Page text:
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Read the rest: Legal AffairsThe Dread Pirate Bin Laden
How thinking of terrorists as pirates can help win the war on terror.
By Douglas R. Burgess Jr.
INTERNATIONAL LAW LACKS A DEFINITION FOR TERRORISM as a crime. According to Secretary General Kofi Annan, this lack has hampered "the moral authority of the United Nations and its strength in condemning" the scourge.
But attempts to provide a definition have failed because of terrorists' strangely hybrid status in the law. They are neither ordinary criminals nor recognized state actors, so there is almost no international or domestic law dealing with them. This gives an out to countries that harbor terrorists and declare them "freedom fighters." It also lets the United States flout its own constitutional safeguards by holding suspects captive indefinitely at Guantánamo Bay. The overall situation is, in a word, anarchic.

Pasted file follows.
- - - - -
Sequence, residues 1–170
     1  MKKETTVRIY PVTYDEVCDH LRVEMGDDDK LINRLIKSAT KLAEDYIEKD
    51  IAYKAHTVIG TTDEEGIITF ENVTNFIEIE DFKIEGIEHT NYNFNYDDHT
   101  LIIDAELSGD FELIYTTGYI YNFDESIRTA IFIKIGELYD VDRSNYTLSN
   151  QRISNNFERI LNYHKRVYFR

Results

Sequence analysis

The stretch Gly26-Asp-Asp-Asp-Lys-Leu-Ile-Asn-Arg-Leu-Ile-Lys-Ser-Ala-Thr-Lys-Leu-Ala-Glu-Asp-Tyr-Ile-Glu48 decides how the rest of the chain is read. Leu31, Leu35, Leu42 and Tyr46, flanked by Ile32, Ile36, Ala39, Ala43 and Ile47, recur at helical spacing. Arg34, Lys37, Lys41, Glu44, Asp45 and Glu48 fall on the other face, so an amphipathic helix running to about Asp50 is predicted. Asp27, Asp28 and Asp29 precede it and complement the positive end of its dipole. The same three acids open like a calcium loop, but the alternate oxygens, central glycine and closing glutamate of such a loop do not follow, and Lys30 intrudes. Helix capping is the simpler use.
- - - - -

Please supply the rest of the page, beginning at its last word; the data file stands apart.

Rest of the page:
This chaotic state is reflected in, and caused by, the tortuous machinations of the U.N. in defining terrorism. Over 40 years of debate have produced a plethora of conventions proscribing acts ranging from hijacking to financing terrorist organizations. But the U.N. remains deadlocked on what a terrorist is. As a result, terrorists and countries like the United States pursue one another across the globe with virtually no rules governing their actions.
What is needed now is a framework for an international crime of terrorism. The framework should be incorporated into the U.N. Convention on Terrorism and should call for including the crime in domestic criminal law and perhaps the jurisdiction of the International Criminal Court. This framework must recognize the unique threat that terrorists pose to nation-states, yet not grant them the legitimacy accorded to belligerent states. It must provide the foundation for a law that criminalizes not only terrorist acts but membership in a terrorist organization. It must define methods of punishment.